If nothing else, there’s definitely room for a man whose “religion is kindness” to stand up and speak for an hour. If that sounds glib, it’s just not. And if that sounds a bit like the preachings of a charismatic guru, you haven’t met Myq Kaplan yet.
Born in New Jersey, but based in New York, Kaplan knows what it’s like to be a bit of a pariah. Also, he’s more of a “get murdered guy” than an aggressor – always on the receiving end. Also he’s Jewish, which provides a crucial subtext—sometimes, a headline—to his jokes about how we all get along.
What’s refreshing about Kaplan, though, is less his subject matter than his technique and delivery. Every bit the NY sassy city boy, he delivers punchlines with a couldn’t-care-less insouciance that’s pretty attractive. And he does a nice line in outrageously reflexive gags, constantly looping back on himself to undermine, aggrandise or, at times, just remind us of his punches. It’s an excellent effect, and serves his overall purpose around building a tangled web of seemingly abstract jokes that all point to the same very real, very human conclusion.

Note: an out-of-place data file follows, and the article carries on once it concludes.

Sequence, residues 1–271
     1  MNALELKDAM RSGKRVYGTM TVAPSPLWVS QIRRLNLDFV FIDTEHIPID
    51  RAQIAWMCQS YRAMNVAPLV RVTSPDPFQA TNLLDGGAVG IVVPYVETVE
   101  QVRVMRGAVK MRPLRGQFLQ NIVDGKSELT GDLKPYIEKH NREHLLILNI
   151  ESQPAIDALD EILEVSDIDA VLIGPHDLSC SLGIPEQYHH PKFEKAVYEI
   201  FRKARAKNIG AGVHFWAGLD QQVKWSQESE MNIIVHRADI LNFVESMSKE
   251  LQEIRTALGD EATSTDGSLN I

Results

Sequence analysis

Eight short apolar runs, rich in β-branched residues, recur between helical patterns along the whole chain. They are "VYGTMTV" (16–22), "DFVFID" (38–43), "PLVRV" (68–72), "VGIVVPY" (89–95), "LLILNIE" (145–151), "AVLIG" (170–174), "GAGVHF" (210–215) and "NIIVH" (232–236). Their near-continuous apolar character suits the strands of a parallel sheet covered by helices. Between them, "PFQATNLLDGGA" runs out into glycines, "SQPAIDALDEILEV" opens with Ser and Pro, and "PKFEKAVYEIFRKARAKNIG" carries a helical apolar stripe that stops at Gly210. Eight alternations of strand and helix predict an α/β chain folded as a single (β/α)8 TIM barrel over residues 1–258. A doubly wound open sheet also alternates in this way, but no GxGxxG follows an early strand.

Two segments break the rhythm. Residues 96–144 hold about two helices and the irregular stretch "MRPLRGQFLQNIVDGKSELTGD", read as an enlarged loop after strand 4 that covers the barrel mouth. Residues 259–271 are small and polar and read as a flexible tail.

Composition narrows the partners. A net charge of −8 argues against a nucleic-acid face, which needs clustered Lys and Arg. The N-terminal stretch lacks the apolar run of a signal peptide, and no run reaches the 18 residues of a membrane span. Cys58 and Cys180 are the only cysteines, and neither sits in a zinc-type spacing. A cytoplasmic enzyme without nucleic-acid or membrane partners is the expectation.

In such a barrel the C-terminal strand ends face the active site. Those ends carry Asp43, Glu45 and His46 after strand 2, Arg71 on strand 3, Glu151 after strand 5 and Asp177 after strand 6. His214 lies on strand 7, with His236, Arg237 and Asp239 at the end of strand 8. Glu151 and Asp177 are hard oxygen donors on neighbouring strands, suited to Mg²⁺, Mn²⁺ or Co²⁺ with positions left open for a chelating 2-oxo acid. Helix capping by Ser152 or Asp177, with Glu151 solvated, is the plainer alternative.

There’s also a technique he has of taking jokes off into elongated flights of prose (often involving rhyming "goat" with "boat"). It’s clever, but it’s just not quite clear what point it's serving. It seems, really, only to break the atmosphere of studied nonchalance he’s worked so hard to develop. It’s as if he can’t stand the illusion he’s created that these clever, silly—sometimes both clever and silly—thoughts are coming to him spontaneously. But it’s a great illusion, and he hasn't worked out a good enough payoff for breaking it yet.